So, using the problem input as an example, the program will loop twice, once for each line. I first created a list called "temp", which splits the "data" list (minus the first integer value) into a list of characters, like so:

[ ['9','x','3','4','2','0','9','a','s','A','b','3','2','s','D','8','4','0','D','9','2','5','8'] ['0','2','9','3','4','x','2','D','o','e','b','A','a','a','b','9','0','C','D','E','e','3','4','8','2','9','0'] ]
I then set the first sub-list of "temp" (the first string of each line given in the input) to the variable "same".

for i in range(count):
	temp = [] 
    for j in range(len(data[i+1])):
        temp.append(list(data[i+1][j]))
              
    same = temp[0]

The general idea of my algorithm is as follows:

  • Store the first string of the current line in "same" (which is a list of characters)
  • Next, starting with the second string, loop through the remaining strings of the current line (line 1).
  • Then loop through the individual characters of that string (line 3). Remember, each string is a list of characters.
  • If the current character is in the "same" list, then we append it to a temporary list called "OK" (line 4 and 5).
  • Once we've finished looping through the current string, we set the "same" list equal to the "OK" list. Now the "same" list is a list of characters that are in both the first and second string, which then gets compared to the third string and so on until the "same" list contains only characters that are in every string of the input line.

for j in range(1,len(temp)):
    OK = []
    for k in range(len(temp[j])):
        if temp[j][k] in same:
            OK.append(temp[j][k])

    same = OK

OK, so the hard work is over now. Recall that the question states that the output must be numbers first, then uppercase characters, then lowercase. Here we just apply some built in functions to sort our list of characters, then convert that list to a string to write to the output file.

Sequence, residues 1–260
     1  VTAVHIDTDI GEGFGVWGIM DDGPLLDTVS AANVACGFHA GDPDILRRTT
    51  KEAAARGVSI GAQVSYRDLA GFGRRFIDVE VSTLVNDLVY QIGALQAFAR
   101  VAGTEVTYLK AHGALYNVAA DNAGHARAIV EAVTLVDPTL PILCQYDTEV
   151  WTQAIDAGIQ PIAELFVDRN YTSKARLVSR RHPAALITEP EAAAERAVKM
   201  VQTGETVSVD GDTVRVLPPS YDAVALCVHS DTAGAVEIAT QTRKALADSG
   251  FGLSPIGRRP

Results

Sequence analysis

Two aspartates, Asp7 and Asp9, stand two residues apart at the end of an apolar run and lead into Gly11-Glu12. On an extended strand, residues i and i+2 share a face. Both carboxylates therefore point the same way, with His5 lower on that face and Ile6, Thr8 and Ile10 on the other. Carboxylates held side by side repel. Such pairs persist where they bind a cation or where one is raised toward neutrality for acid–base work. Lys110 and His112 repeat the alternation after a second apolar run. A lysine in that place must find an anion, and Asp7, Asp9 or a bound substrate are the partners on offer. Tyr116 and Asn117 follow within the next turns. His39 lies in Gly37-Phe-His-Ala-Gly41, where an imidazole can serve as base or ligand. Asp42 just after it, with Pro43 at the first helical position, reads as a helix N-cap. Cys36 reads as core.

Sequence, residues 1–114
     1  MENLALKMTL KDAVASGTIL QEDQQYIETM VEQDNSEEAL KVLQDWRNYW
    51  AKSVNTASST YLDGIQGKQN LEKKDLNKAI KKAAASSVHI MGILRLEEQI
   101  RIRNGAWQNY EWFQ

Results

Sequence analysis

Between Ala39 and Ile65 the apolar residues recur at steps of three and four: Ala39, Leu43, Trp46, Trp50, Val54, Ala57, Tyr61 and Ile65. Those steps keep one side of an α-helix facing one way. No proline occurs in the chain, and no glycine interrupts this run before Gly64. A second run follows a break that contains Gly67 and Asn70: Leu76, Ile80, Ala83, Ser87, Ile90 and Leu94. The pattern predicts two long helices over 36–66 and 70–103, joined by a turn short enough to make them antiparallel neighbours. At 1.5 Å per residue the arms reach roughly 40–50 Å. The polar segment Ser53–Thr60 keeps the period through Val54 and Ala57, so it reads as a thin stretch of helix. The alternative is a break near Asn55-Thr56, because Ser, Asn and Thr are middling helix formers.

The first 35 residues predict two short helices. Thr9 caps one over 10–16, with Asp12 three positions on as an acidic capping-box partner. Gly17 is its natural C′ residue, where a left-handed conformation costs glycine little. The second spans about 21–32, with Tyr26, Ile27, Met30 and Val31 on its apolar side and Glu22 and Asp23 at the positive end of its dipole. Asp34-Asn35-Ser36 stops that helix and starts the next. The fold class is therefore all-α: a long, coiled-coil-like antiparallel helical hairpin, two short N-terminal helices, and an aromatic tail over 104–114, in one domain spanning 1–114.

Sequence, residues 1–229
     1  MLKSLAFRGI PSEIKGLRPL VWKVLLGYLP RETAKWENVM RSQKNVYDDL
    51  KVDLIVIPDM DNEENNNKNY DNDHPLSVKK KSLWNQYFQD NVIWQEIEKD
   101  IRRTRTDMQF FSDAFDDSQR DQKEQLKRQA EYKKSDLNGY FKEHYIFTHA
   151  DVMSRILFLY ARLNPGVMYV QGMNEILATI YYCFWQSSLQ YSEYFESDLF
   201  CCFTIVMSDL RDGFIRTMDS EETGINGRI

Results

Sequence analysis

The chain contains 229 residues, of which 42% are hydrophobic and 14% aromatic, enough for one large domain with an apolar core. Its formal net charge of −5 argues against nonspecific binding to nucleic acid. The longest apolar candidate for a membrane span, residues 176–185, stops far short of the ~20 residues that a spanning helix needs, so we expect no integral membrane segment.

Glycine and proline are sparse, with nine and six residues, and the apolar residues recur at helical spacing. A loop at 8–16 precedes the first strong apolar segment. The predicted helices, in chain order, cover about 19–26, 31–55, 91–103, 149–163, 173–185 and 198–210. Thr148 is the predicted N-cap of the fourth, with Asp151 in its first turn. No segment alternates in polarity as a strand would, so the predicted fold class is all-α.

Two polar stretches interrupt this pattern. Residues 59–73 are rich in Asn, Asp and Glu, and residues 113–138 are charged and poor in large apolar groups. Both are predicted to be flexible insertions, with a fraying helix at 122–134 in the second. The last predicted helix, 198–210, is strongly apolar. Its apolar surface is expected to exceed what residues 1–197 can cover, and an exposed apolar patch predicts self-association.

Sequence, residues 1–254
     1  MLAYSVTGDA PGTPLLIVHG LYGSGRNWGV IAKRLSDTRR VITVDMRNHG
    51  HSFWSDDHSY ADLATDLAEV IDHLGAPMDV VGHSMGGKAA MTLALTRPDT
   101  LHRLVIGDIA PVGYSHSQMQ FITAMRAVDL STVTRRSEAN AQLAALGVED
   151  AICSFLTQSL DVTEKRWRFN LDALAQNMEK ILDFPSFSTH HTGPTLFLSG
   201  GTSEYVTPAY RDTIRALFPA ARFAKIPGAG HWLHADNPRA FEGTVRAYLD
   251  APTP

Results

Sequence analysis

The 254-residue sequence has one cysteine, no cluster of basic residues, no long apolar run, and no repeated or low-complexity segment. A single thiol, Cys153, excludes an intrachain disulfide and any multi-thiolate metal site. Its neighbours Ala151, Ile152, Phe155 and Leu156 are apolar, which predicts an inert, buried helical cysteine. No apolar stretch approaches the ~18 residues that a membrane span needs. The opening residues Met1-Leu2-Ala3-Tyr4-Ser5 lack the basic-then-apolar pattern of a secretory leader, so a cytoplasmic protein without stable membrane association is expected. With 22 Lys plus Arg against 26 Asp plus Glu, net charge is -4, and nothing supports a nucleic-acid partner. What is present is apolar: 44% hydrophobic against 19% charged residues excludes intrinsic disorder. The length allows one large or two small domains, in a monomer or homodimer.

result = ''.join(sorted(set(same)))
outfile.write(result)
outfile.write("\n")

Code

#!/usr/bin/python

data=[]
with open('practiceInput.txt') as infile:
    with open('out.txt', 'w') as outfile:
        for line in infile:
            data.append(line.strip().split(' '))
        
        tmp = data[0]
        count = int(tmp[0])

        #Loop through each line of the input
        for i in range(count):
            #temp hold the current line, a 
			#list of lists of characters
			temp = [] 
            for j in range(len(data[i+1])):
                temp.append(list(data[i+1][j]))
            #same is initialized to the list of characters 
            #from the first string of the current line
            same = temp[0]

            #Loop through each word on the current 
			#line of input that's not the first word
            for j in range(1,len(temp)):
                OK = []
                for k in range(len(temp[j])):
                    if temp[j][k] in same:
                        OK.append(temp[j][k])

                same = OK

            result = ''.join(sorted(set(same)))
            outfile.write(result)
            outfile.write("\n")